While preparing for my StyleCop presentation at DDDSW I created a number of scripts for the demos that I wanted to show during the presentation. For the first demo, which was a simple introduction to what StyleCop is and how it can be used, the script went like this:
- Create new Windows Forms Application using C#
- Show that the Project Builds successfully
- Run StyleCop at the solution level and show that there are 30 Warnings out of the box (yes, this may seem like a lot of warnings for a brand new project, with no custom code, but this was covered in later demos. If you want more information about how this can be corrected easily, feel free to give me a shout).
- Run StyleCop on Form1.cs and show that there are 12 Warnings out of the box
- Open StyleCop Settings and enter Copyright Information, as well as disable analysis of designer files
- SA1633: Insert a copyright header to the top of Form1.cs using code snippet
- Run StyleCop on Form1.cs and show that there are 11 Warnings left
- SA1600: Insert a Summary Tag (with correct text) for the Form1 constructor
- Run StyleCop on Form1.cs and show that there are 10 Warnings left
- SA1200: Move all using statements within namespace
- Run StyleCop on Form1.cs and show that there are 2 Warnings left
- SA1601: To show the use of a SuppressMessage, suppress this warning
- Run StyleCop on Form1.cs and show that there are 1 Warnings left
- SA1101: Put a this. in front of the call to InitializeComponent
- Run StyleCop on Form1.cs and show that there are 0 Warnings left
- Rejoice in the fact that StyleCop now runs with no warnings
This was the plan, however, it turns out that this wasn’t going to be as easy as I thought!
When I first started creating my StyleCop Demos, and the scripts to go with it, I was using StyleCop 4.7.23 which at the time was the latest version, but unfortunately there was a bug in StyleCop surrounding SA1101. Information on this can be found here. What made things a little more interesting is that even though StyleCop wasn’t picking up the violation, the StyleCop for ReSharper plugin that I use was picking it up:
This didn’t make for a good demo, so I set about changing the script for the demo such that this bug wouldn’t be mentioned. The morning of Saturday 26th May 2012 comes around and I am sitting in the speaker room adding the finishing touches to my slides and demos, only to find out that there is a new version of StyleCop been released, version 4.7.26. Doing a little bit of digging, it appeared that this release fixed the issue that I was seeing, so with 1 hour before my presentation was due to start, I decided to install the latest version of StyleCop.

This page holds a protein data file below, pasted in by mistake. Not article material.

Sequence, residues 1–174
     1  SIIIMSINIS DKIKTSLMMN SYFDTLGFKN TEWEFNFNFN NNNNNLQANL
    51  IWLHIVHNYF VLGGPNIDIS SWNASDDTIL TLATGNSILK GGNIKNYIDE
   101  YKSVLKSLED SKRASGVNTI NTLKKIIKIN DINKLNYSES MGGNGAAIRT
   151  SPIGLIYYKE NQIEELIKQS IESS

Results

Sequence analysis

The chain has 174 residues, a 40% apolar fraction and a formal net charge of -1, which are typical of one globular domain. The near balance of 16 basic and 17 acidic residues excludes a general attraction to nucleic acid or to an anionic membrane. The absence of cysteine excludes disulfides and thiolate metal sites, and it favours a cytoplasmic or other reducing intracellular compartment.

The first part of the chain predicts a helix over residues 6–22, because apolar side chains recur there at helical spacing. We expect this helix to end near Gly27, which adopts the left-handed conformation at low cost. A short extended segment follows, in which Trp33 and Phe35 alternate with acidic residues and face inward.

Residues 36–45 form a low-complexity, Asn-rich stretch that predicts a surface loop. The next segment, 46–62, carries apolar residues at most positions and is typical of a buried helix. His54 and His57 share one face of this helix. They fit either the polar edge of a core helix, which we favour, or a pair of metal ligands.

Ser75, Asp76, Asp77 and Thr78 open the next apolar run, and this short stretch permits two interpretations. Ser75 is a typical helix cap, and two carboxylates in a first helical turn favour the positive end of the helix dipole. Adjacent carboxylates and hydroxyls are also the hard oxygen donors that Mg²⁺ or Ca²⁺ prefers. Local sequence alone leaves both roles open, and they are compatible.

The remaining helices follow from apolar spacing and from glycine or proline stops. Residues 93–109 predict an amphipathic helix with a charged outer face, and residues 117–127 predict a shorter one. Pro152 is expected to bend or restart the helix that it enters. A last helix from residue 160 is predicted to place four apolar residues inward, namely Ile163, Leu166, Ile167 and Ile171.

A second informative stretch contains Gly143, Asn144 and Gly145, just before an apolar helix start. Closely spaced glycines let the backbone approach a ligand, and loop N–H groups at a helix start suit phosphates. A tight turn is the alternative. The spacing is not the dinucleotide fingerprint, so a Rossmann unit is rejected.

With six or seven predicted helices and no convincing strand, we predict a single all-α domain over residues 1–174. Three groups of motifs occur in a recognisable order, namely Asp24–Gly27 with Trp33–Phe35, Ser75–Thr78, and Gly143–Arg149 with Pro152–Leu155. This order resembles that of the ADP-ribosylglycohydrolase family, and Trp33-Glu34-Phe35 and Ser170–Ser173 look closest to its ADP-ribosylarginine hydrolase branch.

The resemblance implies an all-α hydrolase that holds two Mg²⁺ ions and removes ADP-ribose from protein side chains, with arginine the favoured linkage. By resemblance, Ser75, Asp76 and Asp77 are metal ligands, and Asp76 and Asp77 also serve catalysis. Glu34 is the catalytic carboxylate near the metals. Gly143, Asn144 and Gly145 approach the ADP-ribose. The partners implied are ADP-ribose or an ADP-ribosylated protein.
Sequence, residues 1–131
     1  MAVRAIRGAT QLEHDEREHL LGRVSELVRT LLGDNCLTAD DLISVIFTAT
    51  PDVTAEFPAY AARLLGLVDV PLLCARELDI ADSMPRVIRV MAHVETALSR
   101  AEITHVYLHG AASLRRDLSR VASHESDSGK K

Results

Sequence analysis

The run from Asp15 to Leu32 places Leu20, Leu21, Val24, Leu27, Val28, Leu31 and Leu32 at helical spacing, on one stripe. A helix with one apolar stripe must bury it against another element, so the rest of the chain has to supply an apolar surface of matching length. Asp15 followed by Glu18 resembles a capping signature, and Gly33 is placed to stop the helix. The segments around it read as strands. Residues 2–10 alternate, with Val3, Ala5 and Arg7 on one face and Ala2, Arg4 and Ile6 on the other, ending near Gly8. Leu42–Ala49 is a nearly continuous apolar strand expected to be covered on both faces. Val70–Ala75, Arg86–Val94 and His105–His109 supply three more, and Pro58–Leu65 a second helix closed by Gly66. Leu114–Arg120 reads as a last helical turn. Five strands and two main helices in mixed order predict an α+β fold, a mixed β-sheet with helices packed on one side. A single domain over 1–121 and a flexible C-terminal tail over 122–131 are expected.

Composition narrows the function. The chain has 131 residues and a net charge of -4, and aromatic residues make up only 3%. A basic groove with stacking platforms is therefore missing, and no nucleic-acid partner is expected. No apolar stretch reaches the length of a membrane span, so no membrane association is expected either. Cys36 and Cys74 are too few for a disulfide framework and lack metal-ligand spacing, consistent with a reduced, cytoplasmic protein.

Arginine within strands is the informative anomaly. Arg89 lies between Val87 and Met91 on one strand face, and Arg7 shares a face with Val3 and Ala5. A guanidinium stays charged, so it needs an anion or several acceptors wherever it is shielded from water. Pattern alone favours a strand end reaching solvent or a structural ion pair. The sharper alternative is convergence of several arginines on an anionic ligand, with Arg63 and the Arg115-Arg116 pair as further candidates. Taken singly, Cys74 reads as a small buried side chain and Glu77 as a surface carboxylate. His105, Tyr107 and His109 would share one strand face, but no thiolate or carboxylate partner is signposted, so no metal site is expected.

Now, I know that there are probably a lot of seasoned presenters out there that are shouting:
WHAT THE HELL WERE YOU THINKING!!
But, I am happy to say that the uninstall and reinstall of StyleCop went off without any problems, and on running through the script that I mentioned above, both StyleCop and StyleCop for ReSharper, correctly identify the violation:
NOTE: The above screenshot is actually taken using StyleCop 4.7.27 (which was released on Tuesday 29th May 2012) and actually includes a new rule SA1126. This appears to supersede the original violation which was SA1101.
So, long story short, if you are seeing oddities when running StyleCop, and StyleCop for ReSharper plugin, make sure that you have the most recent version of StyleCop installed. In order to find out about new releases you can subscribe to the Release Notifications email on the CodePlex site here. You will need to log into CodePlex before you can enable this.comments powered by Disqus